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Star Trek: The Next Generation – Samaritan Snare (Review)

This January and February, we’ll be finishing up our look at the second season of Star Trek: The Next Generation and moving on to the third year of the show, both recently and lovingly remastered for high definition. Check back daily for the latest review.

To describe Samaritan Snare as a step down from Q Who? feels like an understatement. Q Who? was Star Trek: The Next Generation realising that it needed to improve its game if it ever wanted to measure up to its predecessor, interrogating some aspects of the series that had been taken for granted, calling the crew out on their arrogance and offering an opponent that could really push the Enterprise crew for all that they are worth.

It was really the logical culmination of themes running through the second season, themes that seem to faintly echo into Samaritan Snare, another story about the arrogance and ego of the Enterprise crew. Unfortunately, while it does seem to acknowledge many of the same weaknesses and flaws that Q Who? hit upon, it can’t help but seem a little disappointing. Here, the Enterprise are not thrown against an impossible-to-defeat adversary. Instead, their arrogance turns them into interstellar marks.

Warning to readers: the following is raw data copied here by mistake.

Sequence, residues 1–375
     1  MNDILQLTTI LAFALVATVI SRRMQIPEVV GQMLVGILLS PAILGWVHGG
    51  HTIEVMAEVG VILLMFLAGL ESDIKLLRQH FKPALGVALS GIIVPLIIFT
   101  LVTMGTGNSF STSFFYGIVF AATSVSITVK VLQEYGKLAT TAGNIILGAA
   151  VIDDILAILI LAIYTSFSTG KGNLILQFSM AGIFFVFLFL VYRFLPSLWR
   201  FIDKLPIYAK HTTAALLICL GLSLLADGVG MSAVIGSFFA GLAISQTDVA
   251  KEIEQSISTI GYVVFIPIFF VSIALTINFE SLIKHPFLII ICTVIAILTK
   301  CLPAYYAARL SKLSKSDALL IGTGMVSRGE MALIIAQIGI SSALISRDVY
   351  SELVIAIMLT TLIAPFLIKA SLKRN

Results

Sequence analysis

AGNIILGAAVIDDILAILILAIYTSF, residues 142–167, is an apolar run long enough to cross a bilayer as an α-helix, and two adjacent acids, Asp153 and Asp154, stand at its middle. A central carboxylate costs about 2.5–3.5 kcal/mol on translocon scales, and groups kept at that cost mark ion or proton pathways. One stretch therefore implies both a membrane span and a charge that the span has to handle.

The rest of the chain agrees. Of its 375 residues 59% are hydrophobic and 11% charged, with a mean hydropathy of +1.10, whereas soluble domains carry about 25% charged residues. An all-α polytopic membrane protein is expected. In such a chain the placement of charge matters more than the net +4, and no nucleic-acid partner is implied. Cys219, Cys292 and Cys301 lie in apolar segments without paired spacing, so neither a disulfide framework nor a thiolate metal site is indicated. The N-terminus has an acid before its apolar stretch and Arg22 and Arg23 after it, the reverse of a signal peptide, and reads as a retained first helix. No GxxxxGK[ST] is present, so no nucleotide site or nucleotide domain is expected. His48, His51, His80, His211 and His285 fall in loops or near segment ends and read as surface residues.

His heart just isn't in it...

His heart just isn’t in it…

Samaritan Snare is hurt by a particularly clumsy script. It seems somewhat questionable that Starfleet would engage in a complicated surgery without somebody on hand who knew what to do if something goes wrong. Picard’s complications feel like a contrivance – the script throwing a nice final act twist that serves to raise the stakes in the most forced manner possible. (Of course, it’s not the first episode of The Next Generation to have trouble with dramatic stakes.)